Common Cold Medicine
Specific Common Cold Medicines Explained
The following sections describe in detail the various medicines that can be used to treat the common cold.
Nasal decongestants open up the nasal passages. These common cold medicines can be applied topically, in the form of sprays or drops, or taken orally (by mouth). Using sprays or drops longer than 3 days may cause nasal congestion to worsen.
Antitussives, also known as cough suppressants, can quiet coughs due to minor throat irritations. This type of common cold medicine includes drugs taken orally (such as throat lozenges), as well as topical medications, for example, ointments to be rubbed on the chest or used in a vaporizer.
Expectorants, which are taken orally, help loosen mucus and make coughs more productive.
Until recently, another category of over-the-counter drugs called "antihistamines" was approved only for use by sufferers of hay fever and other allergies. However, clemastine fumarate, the active ingredient in products such as Tavist-1® and Tavist-D®, has been approved to treat cold symptoms. Nonprescription antihistamines may give you some relief from cold symptoms such as runny nose and watery eyes, which are commonly associated with colds.
The effectiveness of other over-the-counter (OTC) antihistamines for this use is still being studied.
Many people take pain relievers for headache, fever, or minor aches. Some examples of pain relievers used as common cold medicine include:
- Acetaminophen (Tylenol®)
- Nonsteroidal anti-inflammatory drugs (NSAIDs), such as ibuprofen (Advil®, Motrin®).
Most common cold medicines have some side effects, such as drowsiness, dizziness, insomnia, or upset stomach. You should take them with care.
Check with a pediatrician or your family physician before giving any common cold medicine to a child.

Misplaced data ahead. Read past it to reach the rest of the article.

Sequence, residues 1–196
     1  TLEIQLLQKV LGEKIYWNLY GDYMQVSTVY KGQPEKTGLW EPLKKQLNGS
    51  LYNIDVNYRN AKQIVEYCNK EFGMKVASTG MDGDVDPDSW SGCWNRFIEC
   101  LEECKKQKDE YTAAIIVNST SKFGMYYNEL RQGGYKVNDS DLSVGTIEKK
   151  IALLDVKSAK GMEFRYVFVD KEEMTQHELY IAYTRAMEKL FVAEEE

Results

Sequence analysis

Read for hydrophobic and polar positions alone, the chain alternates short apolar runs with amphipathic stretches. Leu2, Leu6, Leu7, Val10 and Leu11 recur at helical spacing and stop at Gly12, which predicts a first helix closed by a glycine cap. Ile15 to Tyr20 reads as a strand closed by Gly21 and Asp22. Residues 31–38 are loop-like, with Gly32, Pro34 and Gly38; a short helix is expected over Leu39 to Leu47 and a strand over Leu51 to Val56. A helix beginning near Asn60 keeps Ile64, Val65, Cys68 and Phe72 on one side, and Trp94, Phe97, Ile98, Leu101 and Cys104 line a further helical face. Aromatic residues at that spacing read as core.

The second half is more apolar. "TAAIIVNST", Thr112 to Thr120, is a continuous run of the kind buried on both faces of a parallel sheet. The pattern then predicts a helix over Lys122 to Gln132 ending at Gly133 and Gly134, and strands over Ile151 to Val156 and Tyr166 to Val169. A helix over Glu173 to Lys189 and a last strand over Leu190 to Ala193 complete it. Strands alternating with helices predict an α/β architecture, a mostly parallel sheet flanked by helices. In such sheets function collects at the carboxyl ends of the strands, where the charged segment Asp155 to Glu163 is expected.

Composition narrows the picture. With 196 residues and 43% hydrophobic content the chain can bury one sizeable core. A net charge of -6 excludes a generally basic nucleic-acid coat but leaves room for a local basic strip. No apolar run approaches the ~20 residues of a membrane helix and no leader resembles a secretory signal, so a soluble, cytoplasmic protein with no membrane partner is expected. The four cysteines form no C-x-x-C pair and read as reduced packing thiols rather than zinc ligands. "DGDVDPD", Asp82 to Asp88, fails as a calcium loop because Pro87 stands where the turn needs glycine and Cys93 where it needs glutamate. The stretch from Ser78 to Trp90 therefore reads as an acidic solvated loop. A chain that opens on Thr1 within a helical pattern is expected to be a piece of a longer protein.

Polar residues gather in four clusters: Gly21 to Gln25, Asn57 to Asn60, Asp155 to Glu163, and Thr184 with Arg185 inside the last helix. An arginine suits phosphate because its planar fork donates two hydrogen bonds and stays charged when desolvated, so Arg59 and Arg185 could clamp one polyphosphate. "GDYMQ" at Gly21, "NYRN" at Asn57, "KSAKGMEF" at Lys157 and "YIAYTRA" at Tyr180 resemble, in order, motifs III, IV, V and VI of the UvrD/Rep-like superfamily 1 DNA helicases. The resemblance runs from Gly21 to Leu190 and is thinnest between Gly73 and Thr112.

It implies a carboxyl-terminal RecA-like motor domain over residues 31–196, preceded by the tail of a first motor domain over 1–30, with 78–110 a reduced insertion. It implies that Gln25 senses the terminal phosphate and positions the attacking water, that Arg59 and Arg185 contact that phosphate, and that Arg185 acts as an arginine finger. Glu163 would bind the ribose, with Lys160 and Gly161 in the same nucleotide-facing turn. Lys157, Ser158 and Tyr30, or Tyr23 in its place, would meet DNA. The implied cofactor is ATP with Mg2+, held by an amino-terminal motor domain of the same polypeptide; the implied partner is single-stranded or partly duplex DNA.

Use the dosing device that comes with the common cold medicine, and don't exceed the recommended dosage or length of use. Taking a nasal spray for too long during a cold could result in an even stuffier nose, for example. Always check with a doctor first if the correct dose for a child isn't listed on a label and before giving a child more than one medicine at a time.
It is recommended that older people, who often take multiple medications, check with a doctor or pharmacist before taking a new over-the-counter cough and cold medicine, because some medications can worsen underlying health problems, such as high blood pressure or heart disease.
Decongestants can speed up the heart rate, for example, and antihistamines can cause urinary retention in men with prostate problems. For both young and old, antihistamines can make you drowsy, which could affect driving.
Be sure to check expiration dates and get rid of old common cold medicines.
The FDA (Food and Drug Administration) has warned consumers against using OTC and prescription drug products containing phenylpropanolamine, because the ingredient has been associated with an increased risk of hemorrhagic stroke (bleeding in the brain). This ingredient was commonly used as a decongestant in OTC and prescription cough and cold medicines before the warning was issued.
If you take more than one medication at a time, be careful not to duplicate ingredients. Look at the active ingredients of every medicine you take. For example, you don't want to take acetaminophen tablets to relieve pain while also taking a cough medicine containing acetaminophen. Too much of this drug can result in liver damage.